Miriam's husband was Caleb son of Yefuneh of the tribe of Judah.
Caleb was one of the twelve spies sent to reconnoiter the Land of Canaan, in preparation for the Israelites' impending invasion of Israel. He and Joshua were the only two scouts who did not go along with the negative and pessimistic report provided by the other ten scouts. Instead they encouraged the people to have faith in G‑d's ability to deliver Canaan's inhabitants into their hands. Caleb famously told the Jews: "Didn't Moses split the sea, bring down the manna, and cause the quails to fly down to us? We can surely go up!... We will succeed in whatever Moses says!"
Caleb's role is even more remarkable than Joshua's. Before embarking on their mission, Moses prayed on behalf of his trusted assistant Joshua, which explains why he didn't succumb to the scouts' nefarious plot. Caleb, however, was "on his own." As soon as he reached Canaan he headed for the Cave of Machpelah where the Patriarchs and Matriarchs are interred, and pleaded with them to intercede with G‑d to give him the necessary courage and strength to remain faithful to his mission.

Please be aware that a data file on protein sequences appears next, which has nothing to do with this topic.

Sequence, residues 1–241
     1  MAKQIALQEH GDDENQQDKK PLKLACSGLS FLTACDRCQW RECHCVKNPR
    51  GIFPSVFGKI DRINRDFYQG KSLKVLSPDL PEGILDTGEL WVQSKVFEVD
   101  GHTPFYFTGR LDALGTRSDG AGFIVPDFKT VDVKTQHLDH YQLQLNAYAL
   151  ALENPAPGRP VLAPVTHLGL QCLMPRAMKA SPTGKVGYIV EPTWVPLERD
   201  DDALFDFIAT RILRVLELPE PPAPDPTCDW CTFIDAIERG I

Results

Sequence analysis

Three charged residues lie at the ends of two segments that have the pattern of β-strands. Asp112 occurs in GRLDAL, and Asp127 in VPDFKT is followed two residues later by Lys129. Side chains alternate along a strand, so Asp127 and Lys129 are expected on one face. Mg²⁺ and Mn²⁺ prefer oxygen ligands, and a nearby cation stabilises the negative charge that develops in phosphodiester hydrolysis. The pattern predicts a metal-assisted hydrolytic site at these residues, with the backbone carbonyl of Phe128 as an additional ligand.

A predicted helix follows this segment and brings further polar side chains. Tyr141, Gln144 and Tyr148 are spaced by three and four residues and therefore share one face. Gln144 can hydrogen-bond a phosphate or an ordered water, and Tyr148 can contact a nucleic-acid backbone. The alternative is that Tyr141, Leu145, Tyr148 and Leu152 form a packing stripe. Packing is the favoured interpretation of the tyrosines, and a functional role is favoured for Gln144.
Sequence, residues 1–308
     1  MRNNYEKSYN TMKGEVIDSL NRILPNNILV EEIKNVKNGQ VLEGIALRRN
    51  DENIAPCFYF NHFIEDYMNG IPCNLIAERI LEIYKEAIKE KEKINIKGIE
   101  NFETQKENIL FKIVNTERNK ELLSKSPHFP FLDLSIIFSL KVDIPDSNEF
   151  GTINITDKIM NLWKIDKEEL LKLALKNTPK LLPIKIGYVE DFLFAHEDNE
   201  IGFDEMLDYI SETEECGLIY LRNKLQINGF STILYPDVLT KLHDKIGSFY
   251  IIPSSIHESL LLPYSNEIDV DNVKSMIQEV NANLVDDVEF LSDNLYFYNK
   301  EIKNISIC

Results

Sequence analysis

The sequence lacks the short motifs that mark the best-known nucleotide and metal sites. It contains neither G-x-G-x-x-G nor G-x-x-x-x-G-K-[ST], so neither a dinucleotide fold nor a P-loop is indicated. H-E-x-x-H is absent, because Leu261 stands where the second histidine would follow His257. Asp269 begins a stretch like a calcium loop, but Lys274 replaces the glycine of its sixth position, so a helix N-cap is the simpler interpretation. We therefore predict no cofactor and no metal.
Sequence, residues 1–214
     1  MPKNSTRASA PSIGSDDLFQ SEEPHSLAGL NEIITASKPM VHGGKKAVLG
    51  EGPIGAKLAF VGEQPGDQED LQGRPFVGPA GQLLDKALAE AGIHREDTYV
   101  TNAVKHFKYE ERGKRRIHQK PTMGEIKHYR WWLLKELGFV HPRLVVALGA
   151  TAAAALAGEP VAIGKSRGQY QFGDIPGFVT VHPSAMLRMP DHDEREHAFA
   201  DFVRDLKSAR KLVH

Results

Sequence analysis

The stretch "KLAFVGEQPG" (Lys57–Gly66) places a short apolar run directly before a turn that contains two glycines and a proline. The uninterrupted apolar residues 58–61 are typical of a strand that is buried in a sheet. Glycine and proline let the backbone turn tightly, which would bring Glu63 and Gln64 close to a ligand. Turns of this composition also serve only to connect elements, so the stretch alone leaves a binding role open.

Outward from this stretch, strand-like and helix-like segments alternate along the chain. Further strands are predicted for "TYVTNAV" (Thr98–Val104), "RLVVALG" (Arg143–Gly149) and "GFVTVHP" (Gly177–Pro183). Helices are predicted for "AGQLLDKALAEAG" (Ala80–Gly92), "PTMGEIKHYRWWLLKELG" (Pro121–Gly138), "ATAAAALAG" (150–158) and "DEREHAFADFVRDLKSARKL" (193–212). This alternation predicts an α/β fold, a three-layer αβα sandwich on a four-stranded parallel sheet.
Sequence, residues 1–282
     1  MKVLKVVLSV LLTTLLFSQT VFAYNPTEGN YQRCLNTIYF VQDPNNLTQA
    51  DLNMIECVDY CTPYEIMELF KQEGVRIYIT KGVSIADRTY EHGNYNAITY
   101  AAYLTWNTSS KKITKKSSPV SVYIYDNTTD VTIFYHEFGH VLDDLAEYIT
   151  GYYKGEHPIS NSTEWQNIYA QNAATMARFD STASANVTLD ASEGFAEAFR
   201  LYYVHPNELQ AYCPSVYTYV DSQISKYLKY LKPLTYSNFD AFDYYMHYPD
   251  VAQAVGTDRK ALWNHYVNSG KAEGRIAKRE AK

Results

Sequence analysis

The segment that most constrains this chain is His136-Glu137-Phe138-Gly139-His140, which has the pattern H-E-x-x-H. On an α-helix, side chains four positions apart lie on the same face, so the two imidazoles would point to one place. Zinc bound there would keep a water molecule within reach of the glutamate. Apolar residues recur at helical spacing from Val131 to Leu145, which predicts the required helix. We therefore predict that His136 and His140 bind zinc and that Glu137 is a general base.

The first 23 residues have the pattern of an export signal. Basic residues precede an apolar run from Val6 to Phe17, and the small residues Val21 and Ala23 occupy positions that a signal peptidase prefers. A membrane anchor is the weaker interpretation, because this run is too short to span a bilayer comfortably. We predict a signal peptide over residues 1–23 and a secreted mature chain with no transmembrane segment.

Obviously, Caleb was a man of great caliber. His upright character and actions in the incident with the spies is discussed at great length in the Torah (Numbers 13-14).
In the aftermath of the spy debacle, G‑d decreed that all the adult, male Israelites would perish before the nation entered the Promised Land. Only Joshua and Caleb were given immunity from this decree, due to their courage and faith.
And they were both handsomely rewarded. Joshua succeeded Moses as the next Jewish leader, and Caleb was given the city of Hebron as his personal inheritance -- not incidentally, the city which houses the Cave of Machpelah.
Miriam and Caleb were two courageous leaders who were eminently suited for each other. Miriam "earned her stripes" in Egypt, when as a Jewish midwife she stood up to Pharaoh's demand that she murder Jewish babies.
According to Jewish tradition, Caleb was also one of the two scouts sent by Joshua to Jericho immediately before the Jews crossed the Jordan River and entered Canaan.
Chana Weisberg for Chabad.org